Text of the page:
Why do Catholics go to Mass on Sunday?

Sunday is a celebration of the living presence of the Risen Lord in the midst of his own people.

For this presence to be properly proclaimed and lived, it is not enough that the disciples of Christ pray individually and commemorate the death and Resurrection of Christ inwardly, in the secrecy of their hearts. Those who have received the grace of Baptism are not saved as individuals alone, but as members of the Mystical Body, having become part of the People of God.

It is important therefore that they come together to express fully the very identity of the Church, the ekklesia, the assembly called together by the Risen Lord who offered his life "to reunite the scattered children of God" (Jn 11:52). They have become "one" in Christ (cf. Gal 3:28) through the gift of the Spirit.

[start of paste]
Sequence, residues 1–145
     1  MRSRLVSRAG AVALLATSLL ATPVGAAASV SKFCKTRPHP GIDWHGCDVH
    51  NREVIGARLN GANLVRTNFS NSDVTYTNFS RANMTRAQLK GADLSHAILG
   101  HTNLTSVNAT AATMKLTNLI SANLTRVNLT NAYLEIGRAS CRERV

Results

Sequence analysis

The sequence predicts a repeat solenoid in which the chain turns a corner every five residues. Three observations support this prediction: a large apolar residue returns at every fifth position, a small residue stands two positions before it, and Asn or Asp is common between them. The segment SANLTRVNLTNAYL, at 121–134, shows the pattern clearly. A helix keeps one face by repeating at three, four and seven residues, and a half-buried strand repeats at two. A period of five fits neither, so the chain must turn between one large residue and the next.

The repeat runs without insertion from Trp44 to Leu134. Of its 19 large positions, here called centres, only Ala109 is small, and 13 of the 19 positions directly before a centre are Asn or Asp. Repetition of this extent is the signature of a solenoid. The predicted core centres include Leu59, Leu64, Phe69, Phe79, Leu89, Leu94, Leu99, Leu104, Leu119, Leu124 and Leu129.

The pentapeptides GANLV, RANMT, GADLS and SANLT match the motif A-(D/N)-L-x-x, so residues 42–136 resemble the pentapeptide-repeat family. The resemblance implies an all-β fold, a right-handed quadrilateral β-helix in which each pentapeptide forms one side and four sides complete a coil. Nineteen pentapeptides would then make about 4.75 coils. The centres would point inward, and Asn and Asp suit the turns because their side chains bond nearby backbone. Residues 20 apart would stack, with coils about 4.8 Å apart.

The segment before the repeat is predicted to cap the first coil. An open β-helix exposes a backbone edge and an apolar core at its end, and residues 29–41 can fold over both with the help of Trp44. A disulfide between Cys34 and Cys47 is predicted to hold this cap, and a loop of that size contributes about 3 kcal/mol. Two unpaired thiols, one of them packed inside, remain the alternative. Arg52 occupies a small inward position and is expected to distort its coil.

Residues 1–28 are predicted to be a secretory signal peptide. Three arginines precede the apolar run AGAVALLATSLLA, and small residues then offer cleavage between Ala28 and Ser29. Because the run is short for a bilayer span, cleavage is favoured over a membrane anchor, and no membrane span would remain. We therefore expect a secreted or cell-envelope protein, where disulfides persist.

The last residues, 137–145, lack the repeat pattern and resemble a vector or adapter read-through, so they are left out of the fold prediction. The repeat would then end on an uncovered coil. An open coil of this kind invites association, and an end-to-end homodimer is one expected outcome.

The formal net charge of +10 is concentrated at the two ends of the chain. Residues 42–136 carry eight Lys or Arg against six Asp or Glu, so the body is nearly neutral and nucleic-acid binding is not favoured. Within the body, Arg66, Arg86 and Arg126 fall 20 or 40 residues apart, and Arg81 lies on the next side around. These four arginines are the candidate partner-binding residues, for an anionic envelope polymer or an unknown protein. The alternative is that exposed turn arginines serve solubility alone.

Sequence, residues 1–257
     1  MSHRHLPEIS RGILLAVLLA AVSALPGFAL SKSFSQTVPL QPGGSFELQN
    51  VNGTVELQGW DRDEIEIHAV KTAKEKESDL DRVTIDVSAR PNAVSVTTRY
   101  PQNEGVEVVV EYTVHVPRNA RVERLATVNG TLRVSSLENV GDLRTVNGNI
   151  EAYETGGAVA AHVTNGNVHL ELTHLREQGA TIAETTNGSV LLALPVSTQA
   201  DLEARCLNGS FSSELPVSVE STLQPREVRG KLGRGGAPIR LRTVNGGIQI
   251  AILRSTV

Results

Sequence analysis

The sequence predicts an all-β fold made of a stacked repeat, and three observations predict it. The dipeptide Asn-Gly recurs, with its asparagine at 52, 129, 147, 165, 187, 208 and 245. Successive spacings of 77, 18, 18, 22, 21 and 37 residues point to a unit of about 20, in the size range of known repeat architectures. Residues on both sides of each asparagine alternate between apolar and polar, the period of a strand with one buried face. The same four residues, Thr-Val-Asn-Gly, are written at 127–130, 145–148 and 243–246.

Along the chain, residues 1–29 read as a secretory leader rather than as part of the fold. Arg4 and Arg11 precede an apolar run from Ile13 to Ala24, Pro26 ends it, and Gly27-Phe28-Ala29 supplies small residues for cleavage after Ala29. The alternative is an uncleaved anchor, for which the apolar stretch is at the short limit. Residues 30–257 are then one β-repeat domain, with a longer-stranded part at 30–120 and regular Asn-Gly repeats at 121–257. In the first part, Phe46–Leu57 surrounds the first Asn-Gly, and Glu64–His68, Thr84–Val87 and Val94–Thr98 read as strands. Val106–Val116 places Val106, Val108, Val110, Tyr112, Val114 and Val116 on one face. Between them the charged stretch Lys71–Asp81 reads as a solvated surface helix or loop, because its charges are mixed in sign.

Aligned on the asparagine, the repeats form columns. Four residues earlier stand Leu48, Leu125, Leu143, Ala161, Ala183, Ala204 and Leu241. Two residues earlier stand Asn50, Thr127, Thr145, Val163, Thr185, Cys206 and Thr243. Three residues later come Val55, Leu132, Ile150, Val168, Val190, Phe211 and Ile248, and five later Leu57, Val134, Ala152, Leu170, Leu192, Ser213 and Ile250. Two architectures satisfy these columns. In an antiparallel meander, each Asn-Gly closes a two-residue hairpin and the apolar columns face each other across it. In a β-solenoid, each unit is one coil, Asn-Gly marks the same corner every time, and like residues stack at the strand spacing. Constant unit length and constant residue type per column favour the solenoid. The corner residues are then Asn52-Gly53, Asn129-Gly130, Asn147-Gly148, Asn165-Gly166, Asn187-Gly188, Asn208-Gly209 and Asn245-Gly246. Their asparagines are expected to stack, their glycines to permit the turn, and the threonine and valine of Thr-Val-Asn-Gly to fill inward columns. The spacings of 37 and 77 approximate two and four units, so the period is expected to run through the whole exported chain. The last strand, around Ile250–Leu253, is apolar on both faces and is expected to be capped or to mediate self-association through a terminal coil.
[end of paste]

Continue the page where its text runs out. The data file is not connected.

This ecclesial dimension intrinsic to the Eucharist is realized in every Eucharistic celebration. But it is expressed most especially on the day when the whole community comes together to commemorate the Lord's Resurrection.

Click here to read a full article on this topic.


Paid Advertisement
Ads contrary to Catholic teachings should be reported to our webmaster. Include ad link.

An AmericanCatholic.org Web Site from the Franciscans and
Franciscan Media     ©1996-2014 Copyright



 Find 
 FIND